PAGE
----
Background: The changing epidemiology of measles with mild measles cases increasingly being recognised in previously-vaccinated individuals, suggests that more asymptomatic or subclinical cases might be occurring. Although this has been clearly documented in previously-vaccinated individuals, the frequency of these asymptomatic infections in individuals previously naturally-infected with measles is not known. Also, it is not known whether these asymptomatic or mildly-infected individuals who do not display the full range of clinical signs of measles are capable of transmitting the virus to other susceptible persons. Objectives: To demonstrate the isolation of measles virus (MV) from previously, naturally-immune individuals asymptomatically infected with measles while in close contact with acutely infected family members and to document the secondary immune responses (SIR) associated with asymptomatic measles infection. Study Design: Throat swab and urine specimens from five acute measles cases and their family contacts, taken within 5 days of onset of rash in each acute case, were used to isolate MV by tissue culture. Positive tissue culture results were confirmed by indirect immunofluorescence (IF) staining. Measles specific antibodies (IgG and IgM), IgG urea avidity and measles-neutralising antibodies were measured in the one family (index family) where an asymptomatic measles infection of a contact was demonstrated. Results: The acutely infected patient in the index family (T1/96) had a measles-neutralising antibody titre of < 1:10, measles IgG urea avidity of 24% and MV was isolated and confirmed by IF from urine and throat swab specimens. T1/96 represents acute measles infection after primary vaccine failure because he had a clear history of being vaccinated against measles as a child. MV was also successfully isolated from throat swab and urine specimens from the other four acute cases and from the urine but not the throat swab of an asymptomatically infected family contact in the index family (mother, T2/96). T2/96 had a history of natural measles infection as a child approximately 50 years ago. In addition to detectable MV in urine this contact also had a SIR with a rise in measles specific neutralising antibody titre. No virus was isolated from the other contact in the index family (father, T3/96) or from the contacts of the other four acute cases examined. Conclusions: This is the first report of a confirmed asymptomatic MV infection, by MV isolation and IF testing and a concurrent SIR, in a previously naturally-immune contact of an acute case. The importance of these findings to the epidemiology and control of MV as well as the diagnostic value of MV urine isolation and IF confirmation for mild or asymptomatic cases must be examined further. [less ▲]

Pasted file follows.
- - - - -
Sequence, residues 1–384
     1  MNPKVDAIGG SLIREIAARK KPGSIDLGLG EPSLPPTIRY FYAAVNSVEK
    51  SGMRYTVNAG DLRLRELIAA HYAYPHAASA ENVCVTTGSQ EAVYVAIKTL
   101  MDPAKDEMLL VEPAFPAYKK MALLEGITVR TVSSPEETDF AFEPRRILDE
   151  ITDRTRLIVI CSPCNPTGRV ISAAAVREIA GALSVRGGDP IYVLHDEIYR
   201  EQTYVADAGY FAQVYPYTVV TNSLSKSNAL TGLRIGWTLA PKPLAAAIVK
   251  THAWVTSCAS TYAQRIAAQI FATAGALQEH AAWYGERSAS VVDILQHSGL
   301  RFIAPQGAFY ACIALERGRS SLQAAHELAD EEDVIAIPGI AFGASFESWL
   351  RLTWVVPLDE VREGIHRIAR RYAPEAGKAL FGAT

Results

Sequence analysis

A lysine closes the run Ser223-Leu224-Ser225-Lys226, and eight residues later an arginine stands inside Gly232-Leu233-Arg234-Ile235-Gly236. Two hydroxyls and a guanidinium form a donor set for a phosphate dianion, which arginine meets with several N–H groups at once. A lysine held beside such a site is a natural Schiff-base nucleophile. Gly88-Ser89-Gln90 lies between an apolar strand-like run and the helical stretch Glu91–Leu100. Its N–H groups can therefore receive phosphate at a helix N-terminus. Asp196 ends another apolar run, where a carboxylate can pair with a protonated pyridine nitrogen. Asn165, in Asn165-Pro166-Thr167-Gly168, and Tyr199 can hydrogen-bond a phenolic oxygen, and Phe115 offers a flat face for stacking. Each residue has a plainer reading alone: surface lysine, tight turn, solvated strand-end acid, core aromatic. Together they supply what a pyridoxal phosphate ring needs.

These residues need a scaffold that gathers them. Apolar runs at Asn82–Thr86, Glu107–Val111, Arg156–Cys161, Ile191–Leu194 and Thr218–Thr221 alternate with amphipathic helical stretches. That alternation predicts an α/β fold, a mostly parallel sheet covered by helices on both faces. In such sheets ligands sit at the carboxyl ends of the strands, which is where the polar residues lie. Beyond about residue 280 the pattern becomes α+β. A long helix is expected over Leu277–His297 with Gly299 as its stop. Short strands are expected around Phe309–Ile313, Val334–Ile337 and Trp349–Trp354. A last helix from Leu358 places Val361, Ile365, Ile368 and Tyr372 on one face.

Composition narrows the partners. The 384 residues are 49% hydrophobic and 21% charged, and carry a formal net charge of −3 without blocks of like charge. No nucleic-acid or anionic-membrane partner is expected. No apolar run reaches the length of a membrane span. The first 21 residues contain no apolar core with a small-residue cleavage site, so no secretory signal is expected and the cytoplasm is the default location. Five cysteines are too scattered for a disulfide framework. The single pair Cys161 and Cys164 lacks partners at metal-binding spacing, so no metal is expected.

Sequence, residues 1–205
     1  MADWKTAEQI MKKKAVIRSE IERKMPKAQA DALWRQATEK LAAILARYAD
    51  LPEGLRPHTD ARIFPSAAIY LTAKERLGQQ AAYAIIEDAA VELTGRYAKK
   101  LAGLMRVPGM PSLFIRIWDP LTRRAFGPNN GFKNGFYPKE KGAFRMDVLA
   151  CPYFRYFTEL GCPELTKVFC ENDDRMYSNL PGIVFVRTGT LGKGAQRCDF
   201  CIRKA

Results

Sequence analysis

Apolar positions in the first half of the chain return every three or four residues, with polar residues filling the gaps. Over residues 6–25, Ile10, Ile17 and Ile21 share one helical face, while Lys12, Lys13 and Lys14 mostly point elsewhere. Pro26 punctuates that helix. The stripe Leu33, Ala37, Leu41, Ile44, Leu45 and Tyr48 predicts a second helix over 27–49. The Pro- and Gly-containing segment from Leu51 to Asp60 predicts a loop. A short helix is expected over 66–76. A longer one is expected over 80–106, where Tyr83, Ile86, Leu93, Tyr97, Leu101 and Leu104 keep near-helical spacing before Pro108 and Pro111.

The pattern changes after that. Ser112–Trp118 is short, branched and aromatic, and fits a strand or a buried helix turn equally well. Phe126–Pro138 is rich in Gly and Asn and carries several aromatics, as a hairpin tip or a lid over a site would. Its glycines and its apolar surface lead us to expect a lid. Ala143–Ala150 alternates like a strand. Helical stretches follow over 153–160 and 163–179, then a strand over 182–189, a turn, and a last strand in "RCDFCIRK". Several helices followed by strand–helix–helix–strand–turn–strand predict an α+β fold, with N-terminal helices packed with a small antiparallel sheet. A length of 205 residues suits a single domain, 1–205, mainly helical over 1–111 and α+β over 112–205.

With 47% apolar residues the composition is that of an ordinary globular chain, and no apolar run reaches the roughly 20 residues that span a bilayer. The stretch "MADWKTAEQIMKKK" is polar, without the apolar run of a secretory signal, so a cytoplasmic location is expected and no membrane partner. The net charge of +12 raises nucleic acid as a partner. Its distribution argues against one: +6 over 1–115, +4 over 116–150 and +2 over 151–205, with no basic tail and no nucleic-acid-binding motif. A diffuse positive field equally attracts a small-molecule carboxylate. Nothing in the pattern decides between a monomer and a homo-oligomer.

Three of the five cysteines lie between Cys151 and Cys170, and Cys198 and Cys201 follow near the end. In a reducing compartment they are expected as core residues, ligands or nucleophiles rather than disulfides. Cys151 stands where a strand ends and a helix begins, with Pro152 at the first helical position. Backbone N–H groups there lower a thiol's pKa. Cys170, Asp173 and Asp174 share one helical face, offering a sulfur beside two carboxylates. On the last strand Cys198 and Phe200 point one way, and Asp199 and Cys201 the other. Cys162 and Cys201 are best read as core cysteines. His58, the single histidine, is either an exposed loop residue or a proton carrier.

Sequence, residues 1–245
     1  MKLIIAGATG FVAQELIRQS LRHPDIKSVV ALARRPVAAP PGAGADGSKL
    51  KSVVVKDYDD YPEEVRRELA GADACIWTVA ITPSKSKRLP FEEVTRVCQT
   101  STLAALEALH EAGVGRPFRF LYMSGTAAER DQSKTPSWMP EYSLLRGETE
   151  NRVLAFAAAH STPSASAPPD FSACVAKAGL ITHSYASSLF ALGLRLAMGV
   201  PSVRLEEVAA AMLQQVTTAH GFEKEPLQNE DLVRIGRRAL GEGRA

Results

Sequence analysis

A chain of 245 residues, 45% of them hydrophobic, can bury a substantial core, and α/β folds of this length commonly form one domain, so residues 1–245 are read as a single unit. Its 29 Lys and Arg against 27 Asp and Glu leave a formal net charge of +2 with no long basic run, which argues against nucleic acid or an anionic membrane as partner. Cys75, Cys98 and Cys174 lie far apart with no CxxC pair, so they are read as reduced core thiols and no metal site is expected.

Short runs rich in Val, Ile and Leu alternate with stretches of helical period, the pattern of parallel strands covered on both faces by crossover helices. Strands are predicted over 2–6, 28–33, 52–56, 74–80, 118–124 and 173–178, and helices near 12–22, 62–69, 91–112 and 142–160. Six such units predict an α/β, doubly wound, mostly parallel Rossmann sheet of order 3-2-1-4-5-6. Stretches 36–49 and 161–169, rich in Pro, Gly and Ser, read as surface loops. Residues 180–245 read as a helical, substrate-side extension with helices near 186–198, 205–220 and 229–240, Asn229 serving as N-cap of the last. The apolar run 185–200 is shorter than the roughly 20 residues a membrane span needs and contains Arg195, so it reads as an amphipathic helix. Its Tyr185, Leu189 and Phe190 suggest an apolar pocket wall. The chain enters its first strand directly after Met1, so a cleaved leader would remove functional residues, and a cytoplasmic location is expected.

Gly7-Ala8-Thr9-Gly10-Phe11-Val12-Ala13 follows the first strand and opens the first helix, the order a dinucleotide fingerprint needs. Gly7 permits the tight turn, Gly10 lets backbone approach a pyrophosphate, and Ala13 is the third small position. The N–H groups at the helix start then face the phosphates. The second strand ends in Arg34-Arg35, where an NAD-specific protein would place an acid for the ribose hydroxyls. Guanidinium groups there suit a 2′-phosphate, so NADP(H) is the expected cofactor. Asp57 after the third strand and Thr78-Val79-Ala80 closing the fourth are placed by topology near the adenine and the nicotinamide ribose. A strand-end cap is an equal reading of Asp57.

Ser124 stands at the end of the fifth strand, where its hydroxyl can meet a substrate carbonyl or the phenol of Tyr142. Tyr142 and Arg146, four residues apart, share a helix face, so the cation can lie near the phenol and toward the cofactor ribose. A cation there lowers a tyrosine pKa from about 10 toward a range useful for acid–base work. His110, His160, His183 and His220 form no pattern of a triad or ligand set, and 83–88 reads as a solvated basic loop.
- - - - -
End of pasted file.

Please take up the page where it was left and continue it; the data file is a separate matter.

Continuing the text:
Detailed reference viewed: 104 (5 UL)
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See detailGenotypic and antigenic characterization of hemagglutinin proteins of African measles virus isolates
Truong, A. T.; Kreis, Stephanie UL; Ammerlaan, W. et al

in Virus Research (1999), 62(1), 89-95

A comprehensive phylogenetic study based on the hemagglutinin (H) protein of all known African measles virus (MV) isolates is presented. The study includes 64 new H gene sequences from Ghana, Nigeria and ... [more ▼]